Porcupine's wisdom

The path of a modern shaman

The basement

It was the end of August when I arrived to Brussels to do my studies in French in 1994, and was greeted with the warm shine from the sun when I woke up on my first morning in the country of my new residence. However, the moment of contentment didn’t last that long, because I immediately remembered that I was totally new to Belgium, didn’t know a single soul, and the challenge of the adventure was reflected in my room. It was tiny, on the fourth floor, with the bathroom situated somewhere in the basement.

The kitchen was though on the second floor and it’s where I went as soon as I managed to drag myself from the bed. I needed a strong cup of coffee.

I went down to the kitchen area, but once there, I realized that I had absolutely no products, food or any coffee, as it was rather late when my stepdad and me had found the room to rent the previous night, and instead of trying to find any shop that was still open, we quickly went to a pizzeria at the corner of my street, and after our meal my stepdad had to drive back to the Netherlands.

Standing in the kitchen I was feeling lost and disillusioned. I saw some coffee in a cupboard saying that it belonged to Fatima, but I wasn’t a thief to borrow the coffee from someone I didn’t know, which meant that after my shower (in the basement), I would have to venture out and find a grocery shop.  

To go down to the basement provided to be more challenging than I thought, as it required quite an athletic skill – the stairs didn’t exist, it was a narrow ladder, and if not being 19, and in good physical form, I doubt that I would venture into going to have a shower, a tiny cubicle situated further down the basement, a somber, unwelcoming space.

After the exploration of the basement, I marched upstairs to dress properly to go outside but stopped on the second floor attracted by the strong coffee smell from the kitchen.

Obviously, I stepped inside, to check who was there, and in the hope that I would be offered some coffee.

Once in the kitchen I was greeted by a smiling, beautiful woman, who was sitting at the kitchen table, savoring coffee and something that looked like a sophisticated yogurt in a bowl.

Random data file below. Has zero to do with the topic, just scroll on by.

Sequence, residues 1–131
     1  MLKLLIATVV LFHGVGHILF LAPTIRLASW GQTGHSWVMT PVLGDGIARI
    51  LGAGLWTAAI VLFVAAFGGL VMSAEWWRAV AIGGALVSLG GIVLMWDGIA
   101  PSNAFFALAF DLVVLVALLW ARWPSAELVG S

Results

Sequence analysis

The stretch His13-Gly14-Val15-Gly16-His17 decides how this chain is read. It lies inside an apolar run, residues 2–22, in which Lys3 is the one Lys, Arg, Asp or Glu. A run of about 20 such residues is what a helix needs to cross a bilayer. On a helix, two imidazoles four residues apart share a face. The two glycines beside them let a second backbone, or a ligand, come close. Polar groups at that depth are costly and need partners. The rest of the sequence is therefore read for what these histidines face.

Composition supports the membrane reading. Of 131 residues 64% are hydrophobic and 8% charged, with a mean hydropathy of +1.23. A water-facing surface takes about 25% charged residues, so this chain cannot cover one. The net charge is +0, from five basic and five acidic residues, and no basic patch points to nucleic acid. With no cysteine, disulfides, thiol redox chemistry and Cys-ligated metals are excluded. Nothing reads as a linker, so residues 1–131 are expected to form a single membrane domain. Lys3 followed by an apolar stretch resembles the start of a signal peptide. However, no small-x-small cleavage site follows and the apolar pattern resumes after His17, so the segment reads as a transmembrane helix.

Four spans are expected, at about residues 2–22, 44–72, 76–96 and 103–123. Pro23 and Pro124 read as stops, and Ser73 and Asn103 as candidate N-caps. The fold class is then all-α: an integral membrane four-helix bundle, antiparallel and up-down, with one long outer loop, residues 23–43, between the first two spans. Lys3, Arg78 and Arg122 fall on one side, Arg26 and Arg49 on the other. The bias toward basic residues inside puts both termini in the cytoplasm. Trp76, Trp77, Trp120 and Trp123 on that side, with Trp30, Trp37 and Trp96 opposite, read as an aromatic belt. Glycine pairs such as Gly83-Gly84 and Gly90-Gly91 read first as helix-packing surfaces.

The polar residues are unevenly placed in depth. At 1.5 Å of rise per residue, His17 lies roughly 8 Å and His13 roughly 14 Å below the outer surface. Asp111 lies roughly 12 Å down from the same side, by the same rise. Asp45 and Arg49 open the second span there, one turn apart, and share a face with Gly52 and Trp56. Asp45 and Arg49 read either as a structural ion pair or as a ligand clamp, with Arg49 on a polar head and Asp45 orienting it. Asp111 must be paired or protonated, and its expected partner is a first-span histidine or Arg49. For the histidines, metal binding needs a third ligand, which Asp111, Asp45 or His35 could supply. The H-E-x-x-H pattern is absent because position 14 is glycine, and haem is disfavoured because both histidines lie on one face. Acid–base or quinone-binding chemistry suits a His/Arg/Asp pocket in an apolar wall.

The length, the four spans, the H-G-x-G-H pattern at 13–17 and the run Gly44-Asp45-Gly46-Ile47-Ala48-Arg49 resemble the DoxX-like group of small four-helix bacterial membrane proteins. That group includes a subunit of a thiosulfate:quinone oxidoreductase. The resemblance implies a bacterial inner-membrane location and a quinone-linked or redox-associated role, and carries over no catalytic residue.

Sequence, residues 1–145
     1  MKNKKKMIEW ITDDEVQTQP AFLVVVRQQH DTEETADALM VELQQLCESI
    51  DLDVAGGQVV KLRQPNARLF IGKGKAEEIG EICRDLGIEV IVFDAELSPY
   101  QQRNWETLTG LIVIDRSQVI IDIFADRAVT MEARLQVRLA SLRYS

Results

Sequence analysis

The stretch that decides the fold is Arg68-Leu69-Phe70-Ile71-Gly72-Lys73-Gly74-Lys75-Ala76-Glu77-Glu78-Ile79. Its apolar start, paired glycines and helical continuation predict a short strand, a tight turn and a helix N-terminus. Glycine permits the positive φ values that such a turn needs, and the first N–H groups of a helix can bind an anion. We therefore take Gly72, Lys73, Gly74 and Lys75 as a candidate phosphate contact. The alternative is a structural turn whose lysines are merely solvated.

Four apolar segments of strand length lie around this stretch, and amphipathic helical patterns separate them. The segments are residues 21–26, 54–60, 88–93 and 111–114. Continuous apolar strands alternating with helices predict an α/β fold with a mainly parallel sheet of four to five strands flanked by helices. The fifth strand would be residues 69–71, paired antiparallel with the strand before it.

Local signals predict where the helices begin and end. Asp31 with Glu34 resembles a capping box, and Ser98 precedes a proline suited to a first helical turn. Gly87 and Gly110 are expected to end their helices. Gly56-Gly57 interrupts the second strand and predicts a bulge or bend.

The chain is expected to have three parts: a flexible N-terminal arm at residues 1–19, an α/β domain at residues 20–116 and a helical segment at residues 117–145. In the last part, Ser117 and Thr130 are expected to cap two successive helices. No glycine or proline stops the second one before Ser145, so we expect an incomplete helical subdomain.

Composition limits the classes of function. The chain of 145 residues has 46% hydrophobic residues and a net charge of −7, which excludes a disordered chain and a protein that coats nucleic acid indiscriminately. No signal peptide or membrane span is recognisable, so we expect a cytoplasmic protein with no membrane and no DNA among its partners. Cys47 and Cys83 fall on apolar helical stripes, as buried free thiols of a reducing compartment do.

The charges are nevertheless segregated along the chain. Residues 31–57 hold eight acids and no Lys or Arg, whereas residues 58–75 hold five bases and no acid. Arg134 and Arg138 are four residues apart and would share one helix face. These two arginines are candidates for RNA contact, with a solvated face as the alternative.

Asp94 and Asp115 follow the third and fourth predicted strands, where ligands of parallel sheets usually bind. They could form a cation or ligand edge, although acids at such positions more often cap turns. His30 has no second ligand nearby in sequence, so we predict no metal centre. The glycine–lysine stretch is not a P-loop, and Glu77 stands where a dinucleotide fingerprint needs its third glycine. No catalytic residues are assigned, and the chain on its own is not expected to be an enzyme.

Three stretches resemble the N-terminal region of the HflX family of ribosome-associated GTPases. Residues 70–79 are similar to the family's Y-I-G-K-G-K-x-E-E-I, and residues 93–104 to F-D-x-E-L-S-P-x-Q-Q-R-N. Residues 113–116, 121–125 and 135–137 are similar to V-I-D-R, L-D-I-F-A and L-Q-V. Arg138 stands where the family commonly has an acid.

“Hello, I am Ekaterina”, I said. “I just moved here.”

The woman stood up and continuing smiling, gestured me to join her at the table.

“I am Fatima. I am from Senegal,” she said. “Fancy some coffee and couscous with a yogurt?

My prayers seemed to be answered by the universe, and I gladly accepted her offer.

Putting a cup of coffee and a bowl containing something very delicious, Fatima told me more about herself. She was a Muslim, spoke fluent French, and was in Brussels to do a master thesis.

I told her about myself. I was from Russia, spoke broken French, didn’t know anyone from Belgium, with my mum and my stepdad living in the Netherlands, and the rest of my family in Russia. I started to cry a bit, as my adventure to study in French, looked as a very difficult endeavor. I didn’t even know where to buy groceries. I didn’t know how I was about to survive in that awful building, with the shower requiring climbing the ladder.

“I will help you,” Fatima reassured me. “After our coffee I will walk with you to the shop. I will also show you a market. And today you join me for dinner.”

“Oh, and by the way,” she looked at me with some concern. “There is that strange guy who lives in the basement. He has a room there. Have you noticed that there is a hole between the door and the floor in the shower cubicle?”

I nodded, trying to remember.

“And well, I caught this guy laying there when someone was in a the shower, like a pervert, watching. He is a pervert. Take lots of towels with you to put in the hole so that he can’t watch you. I do it all the time.” Fatima smiled at me.

I was about to laugh but instead started to cry. I remembered my nice flat back in Moscow, my friends, and the comfort of a life, lived for 19 years in the same country. It was all gone, due to my foolish decision to go and study in French.”

Fatima leaned over the table and rubbed my shoulder.

“I will help you, don’t you worry,” her eyes were big and kind.

And she did. Without her I wouldn’t last in my new country even for a month, so difficult it was in the beginning.

(in my room in Brussels)

One response to “The basement”

  1. Like reading a book
    .. Thank U for the update

    Liked by 1 person

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About Me

I am a doctor of philosophy, a university lecturer, and a lover of cats, fine wine, dancing, theatre, and human eccentricity. Born in the Soviet Union (Moscow), I grew up in both Russia and Donbas. I am fluent in four languages, and have spent all my adult life studying (except from 18 to 19) working and living throughout Western Europe. Despite a surname-Netchitailova- that translates from Russian into English as “unreadable”, my great passions in life are reading and writing. My personal struggles have made me appreciate the manifestations of weirdness that exist everywhere. My novel ‘Elena: A Love Story for Humankind’ telling a story of a Russian pianist, diagnosed with schizophrenia, looking for her twin sister in England, can be found on Amazon.


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